The RACGP guidelines note that as unapproved products, it is ‘valid and reasonable for medical practitioners to choose not to prescribe them’.7 Press releases issued on 29 September 2021 from both the RACGP and Australian Medical Association emphasised that doctors should not feel pressured to prescribe nicotine vaping products if they feel uncomfortable.  

 

The role of primary health care nurses in supporting smoking cessation  

Primary care nurses play an important role in identifying patients who smoke and helping them to quit by providing brief advice using the ‘Ask, Advise, Help’ model7 :  

  • Ask all people if they smoke.  
  • Advise all people who smoke to quit and how to make a quit attempt.  
  • Help all people who smoke to quit.  
  • The final step, ‘Help’, consists of a combination of the following: 
    • Behavioural intervention. Quitline (13 7848) provides behavioural interventions over multiple calls to help people make and sustain a quit attempt. A person referred by a health professional to Quitline is 13 times more likely to engage in treatment, compared to someone advised to call themselves. 8 Health professionals can refer patients to Quitline via an online referral form available on the Quit website (link below). 
    • Pharmacotherapies (if clinically appropriate), some of which are listed on the Pharmaceutical Benefits Scheme. Primary health care nurses are well placed to identify patients who may benefit from TGA-approved medicines for smoking cessation and refer them to their GP for a prescription.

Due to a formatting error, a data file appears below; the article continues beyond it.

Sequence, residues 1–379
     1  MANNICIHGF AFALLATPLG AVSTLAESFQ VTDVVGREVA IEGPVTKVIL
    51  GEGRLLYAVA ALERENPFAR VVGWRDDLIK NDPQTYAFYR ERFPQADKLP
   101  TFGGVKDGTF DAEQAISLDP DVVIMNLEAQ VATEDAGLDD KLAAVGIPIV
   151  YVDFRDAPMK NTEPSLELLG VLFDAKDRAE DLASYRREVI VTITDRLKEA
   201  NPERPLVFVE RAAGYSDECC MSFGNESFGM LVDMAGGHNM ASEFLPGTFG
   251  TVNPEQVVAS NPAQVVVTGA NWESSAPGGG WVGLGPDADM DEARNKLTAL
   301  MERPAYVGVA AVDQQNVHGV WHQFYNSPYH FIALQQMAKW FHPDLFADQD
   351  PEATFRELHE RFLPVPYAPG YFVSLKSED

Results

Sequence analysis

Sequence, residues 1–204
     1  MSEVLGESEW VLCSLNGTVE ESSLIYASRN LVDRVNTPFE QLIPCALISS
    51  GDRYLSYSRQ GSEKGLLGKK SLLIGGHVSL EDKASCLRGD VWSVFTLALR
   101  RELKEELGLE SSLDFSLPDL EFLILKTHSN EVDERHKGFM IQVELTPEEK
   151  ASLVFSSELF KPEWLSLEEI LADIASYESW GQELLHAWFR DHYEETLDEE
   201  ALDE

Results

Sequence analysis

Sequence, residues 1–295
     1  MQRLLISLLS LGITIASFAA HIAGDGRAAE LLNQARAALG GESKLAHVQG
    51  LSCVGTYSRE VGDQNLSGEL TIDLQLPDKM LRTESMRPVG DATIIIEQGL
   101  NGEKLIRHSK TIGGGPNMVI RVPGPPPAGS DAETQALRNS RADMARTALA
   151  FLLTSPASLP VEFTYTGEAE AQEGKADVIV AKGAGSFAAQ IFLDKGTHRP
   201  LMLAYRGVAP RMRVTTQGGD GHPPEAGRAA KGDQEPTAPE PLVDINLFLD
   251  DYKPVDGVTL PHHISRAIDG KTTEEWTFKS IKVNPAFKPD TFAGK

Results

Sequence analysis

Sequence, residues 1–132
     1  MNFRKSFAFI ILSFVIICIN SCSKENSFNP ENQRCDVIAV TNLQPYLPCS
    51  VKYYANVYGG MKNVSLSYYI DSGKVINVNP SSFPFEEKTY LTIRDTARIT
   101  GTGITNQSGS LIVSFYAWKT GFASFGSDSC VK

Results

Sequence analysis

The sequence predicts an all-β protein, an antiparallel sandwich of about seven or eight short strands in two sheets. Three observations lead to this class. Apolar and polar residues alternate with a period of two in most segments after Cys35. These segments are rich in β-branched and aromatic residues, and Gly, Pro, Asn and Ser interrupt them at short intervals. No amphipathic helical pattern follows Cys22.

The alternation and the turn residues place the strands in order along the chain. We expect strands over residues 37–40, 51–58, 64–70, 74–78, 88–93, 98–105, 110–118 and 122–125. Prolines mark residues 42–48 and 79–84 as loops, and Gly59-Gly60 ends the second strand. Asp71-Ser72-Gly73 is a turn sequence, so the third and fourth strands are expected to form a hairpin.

The Heart Foundation and Quit have recently published a joint position statement on smoking and vaping cessation endorsed by APNA. Key recommendations for health professionals are discussed in more detail here:  

 

Further information  

 

References  

1. E Banks, G Joshy, RJ Korda et al., ‘Tobacco smoking and risk of 36 cardiovascular disease subtypes: fatal and nonfatal outcomes in a large prospective Australian study’, BMC Med, 2019, 17(1):128, doi:10.1186/s12916-019-1351-4.  

2. AC Novello, ‘Surgeon General’s report on the health benefits of smoking cessation’, Public Health Rep, 1990, 105(6):545–548.  

3. AA Ahmed, K Patel, MA Nyaku et al., ‘Risk of heart failure and death after prolonged smoking cessation: role of amount and duration of prior smoking’, Circ Heart Fail, 2015, 8(4):694–701, doi:10.1161/ circheartfailure.114.001885.  

4. M Shields and K Wilkins, ‘Smoking, smoking cessation and heart disease risk: a 16-year follow-up study’, Health Rep, 2013, 24(2):12–22.  

5. M Chaumont, B de Becker, W Zaher et al., ‘Differential effects of e-cigarette on microvascular endothelial function, arterial stiffness and oxidative stress: a randomized crossover trial’, Sci Rep, 2018, 8(1):10378, doi:10.1038/s41598-018- 28723-0.  

6. ON Baenziger, L Ford, A Yazidjoglou, G Joshy and E Banks, ‘E-cigarette use and combustible tobacco cigarette smoking uptake among non-smokers, including relapse in former smokers: umbrella review, systematic review and metaanalysis’, BMJ Open, 2021, 11(3):e045603, doi:10.1136/bmjopen-2020-045603.  

7. The Royal Australian College of General Practitioners (RACGP), Supporting smoking cessation: a guide for health professionals, RACGP, Melbourne, 2019.  

8. JI Vidrine, S Shete, Y Cao et al., ‘AskAdvise-Connect: a new approach to smoking treatment delivery in health care settings’, JAMA Intern Med, 2013, 173(6):458–464. doi:10.1001/ jamainternmed.2013.3751

The Australian Primary Health Care Association acknowledges the Traditional Custodians of country throughout Australia and their connections to land, sea and community. We pay our respects to elders past and present and extend that respect to all Aboriginal and Torres Strait Islander peoples today.